Thread: Hockey cards
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08-06-2012, 08:40 AM
  #47
Puckclektr
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Join Date: Jul 2004
Location: GTA
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Quote:
Originally Posted by Rorschach View Post
There is so much fail in this post, so much denial and ignorance, I don't even know where to start. 1988...what a riot, back then cards were at their most primitive and they were the worst cards ever made and printed in the millions.

I can say this...the current era of collecting started in the late 90s and matured in 2002. Since then the hobby has overall pretty much stayed the same with card values holding very well for more than 10 years. I've been a hard core collector of hockey for 20 years and a sports card collector for over 30 years...my collection is one of the best if not the best in Los Angeles.
That may be true for Los Angeles, but he is spot on for Toronto anyway. The year when Shanahan and BRett Hull had rookie cards was when it started to pick up. O pee Chee recognized that and overproduced the next year when the Sakic Rookie came out. BUt there was still a demand for the year before because of quantities which is why it was that much more expensive. Then the year after that Upper Deck and Score came in and over produced even more cards, which is why all those cards arent' worth anything. Everyone has them. Then the hobby, or should I say novelty, started to die down and Upper Deck and BAP etc. tried to come up with ways to sell more cards. Autographs were added along with parrallels, sub sets, then jerseys, and short prints etc. INcreasing the demand for certain cards and decreasing the value in base cards. Therefore ruining the hobby for me and many people.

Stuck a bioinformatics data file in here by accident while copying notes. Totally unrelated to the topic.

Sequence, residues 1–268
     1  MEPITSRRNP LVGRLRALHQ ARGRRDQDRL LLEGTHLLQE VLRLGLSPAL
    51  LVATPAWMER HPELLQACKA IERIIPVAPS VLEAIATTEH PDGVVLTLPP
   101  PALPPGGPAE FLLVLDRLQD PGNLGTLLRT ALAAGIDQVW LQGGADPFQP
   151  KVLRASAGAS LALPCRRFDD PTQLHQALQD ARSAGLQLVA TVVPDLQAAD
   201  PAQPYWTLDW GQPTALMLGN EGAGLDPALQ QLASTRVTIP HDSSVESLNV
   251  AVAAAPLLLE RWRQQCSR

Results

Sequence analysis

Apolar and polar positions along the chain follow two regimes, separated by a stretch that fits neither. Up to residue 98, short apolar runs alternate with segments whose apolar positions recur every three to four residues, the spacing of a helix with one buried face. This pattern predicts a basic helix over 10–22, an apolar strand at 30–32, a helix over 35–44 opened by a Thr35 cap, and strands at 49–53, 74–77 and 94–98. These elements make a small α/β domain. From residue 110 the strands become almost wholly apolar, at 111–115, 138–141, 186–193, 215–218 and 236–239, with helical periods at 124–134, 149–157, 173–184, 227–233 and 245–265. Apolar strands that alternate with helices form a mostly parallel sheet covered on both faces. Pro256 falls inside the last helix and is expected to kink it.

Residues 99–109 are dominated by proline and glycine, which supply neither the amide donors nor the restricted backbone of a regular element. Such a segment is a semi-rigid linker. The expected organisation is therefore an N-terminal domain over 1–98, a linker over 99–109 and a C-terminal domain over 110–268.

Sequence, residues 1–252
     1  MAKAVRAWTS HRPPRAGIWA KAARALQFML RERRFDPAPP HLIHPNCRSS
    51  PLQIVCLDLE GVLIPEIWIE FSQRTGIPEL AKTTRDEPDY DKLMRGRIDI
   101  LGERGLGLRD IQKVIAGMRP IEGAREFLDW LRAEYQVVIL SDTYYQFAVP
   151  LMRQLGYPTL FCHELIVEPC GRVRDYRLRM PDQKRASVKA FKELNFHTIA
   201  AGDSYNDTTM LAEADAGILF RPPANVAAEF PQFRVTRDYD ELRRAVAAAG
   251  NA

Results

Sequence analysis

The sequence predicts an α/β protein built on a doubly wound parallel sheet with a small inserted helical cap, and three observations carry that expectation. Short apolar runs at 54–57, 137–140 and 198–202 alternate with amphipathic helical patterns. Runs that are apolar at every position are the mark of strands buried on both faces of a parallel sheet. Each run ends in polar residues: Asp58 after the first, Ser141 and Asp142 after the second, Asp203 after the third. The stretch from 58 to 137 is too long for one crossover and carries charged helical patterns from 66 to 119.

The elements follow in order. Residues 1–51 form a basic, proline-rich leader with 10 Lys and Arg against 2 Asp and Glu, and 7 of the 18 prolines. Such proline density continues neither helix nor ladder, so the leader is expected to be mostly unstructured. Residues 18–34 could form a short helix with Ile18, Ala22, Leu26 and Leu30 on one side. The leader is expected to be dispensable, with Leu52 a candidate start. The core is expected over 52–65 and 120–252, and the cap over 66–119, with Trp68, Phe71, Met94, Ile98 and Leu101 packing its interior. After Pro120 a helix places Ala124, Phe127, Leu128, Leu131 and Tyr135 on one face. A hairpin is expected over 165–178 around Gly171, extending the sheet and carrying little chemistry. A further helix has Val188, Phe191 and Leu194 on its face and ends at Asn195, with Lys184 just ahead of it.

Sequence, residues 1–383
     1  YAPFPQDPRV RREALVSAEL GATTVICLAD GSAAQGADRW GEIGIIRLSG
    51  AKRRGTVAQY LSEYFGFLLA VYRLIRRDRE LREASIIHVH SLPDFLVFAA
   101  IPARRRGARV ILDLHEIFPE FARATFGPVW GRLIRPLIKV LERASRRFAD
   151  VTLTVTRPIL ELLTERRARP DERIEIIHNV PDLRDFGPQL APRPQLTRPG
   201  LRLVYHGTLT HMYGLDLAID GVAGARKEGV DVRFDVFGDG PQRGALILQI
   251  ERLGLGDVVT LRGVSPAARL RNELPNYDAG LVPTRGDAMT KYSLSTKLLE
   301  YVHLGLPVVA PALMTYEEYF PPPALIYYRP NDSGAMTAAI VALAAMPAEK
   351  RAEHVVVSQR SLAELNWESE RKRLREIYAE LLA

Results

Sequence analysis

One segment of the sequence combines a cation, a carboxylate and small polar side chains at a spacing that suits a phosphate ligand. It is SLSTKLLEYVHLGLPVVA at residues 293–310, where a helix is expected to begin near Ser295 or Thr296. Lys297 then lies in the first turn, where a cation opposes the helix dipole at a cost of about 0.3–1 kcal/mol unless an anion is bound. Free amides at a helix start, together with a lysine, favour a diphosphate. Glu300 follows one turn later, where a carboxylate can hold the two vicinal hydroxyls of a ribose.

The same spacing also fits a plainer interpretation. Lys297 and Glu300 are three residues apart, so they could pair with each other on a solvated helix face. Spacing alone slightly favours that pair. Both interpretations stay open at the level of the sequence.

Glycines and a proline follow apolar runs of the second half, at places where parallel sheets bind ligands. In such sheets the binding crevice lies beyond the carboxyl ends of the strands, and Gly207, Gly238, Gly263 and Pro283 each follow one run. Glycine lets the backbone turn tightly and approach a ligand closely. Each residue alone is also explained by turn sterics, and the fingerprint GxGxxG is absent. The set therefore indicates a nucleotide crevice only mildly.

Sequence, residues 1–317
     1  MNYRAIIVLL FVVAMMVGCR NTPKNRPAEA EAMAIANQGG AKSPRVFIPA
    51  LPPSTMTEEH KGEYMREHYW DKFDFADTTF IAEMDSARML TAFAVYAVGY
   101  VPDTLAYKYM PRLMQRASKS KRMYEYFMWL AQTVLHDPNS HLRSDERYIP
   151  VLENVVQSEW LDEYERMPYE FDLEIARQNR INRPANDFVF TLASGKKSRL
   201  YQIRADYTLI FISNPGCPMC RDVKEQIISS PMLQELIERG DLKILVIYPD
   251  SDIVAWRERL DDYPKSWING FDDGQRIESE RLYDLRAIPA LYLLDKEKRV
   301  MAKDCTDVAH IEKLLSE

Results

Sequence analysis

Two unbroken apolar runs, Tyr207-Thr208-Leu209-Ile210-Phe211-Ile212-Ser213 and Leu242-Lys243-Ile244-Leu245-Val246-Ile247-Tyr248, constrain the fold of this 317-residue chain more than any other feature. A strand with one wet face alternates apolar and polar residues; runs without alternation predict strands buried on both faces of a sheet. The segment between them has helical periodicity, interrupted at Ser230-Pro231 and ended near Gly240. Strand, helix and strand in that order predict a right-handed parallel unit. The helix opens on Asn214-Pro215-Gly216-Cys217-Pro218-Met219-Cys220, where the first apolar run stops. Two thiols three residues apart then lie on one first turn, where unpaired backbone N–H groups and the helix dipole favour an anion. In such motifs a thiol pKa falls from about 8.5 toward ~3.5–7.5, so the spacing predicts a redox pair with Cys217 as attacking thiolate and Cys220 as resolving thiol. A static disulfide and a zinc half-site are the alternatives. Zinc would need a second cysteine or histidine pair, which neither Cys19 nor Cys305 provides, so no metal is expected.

The main reason hockey cards failed is becasue of this. And I was guilty of it.
People joined the hobby as an investment, not becasue they loved to collect cards. It was an exciting way to invest money. Something tangible. But then people realized that the only way you made money off of these was if you owned your own store. Then sports card stores were popping up everywhere. Then the market was saturated and the stores all closed. People realized it wasn't an investment and got out.
In the 50-80's kids got excited when they pulled their favorite player. Not anymore. Now I.m not talking about the five year old who doesnt understand the value when he gets a Crosby card and is all excited and then throws the Yakapov rookie in a box. It is the other way around. There are people who get their favorite player and keep skipping until they find that Grigorenko card and get more excited becasue they just made $45 on that pack of cards. BUt forgetting that it took him 17 packs to get that card. ITs like going to the casino. You are most likely losing youe money, but the odd time you might break even or pull in that big haul. But when you pull in that big haul, how much have you lost in total the previous years?

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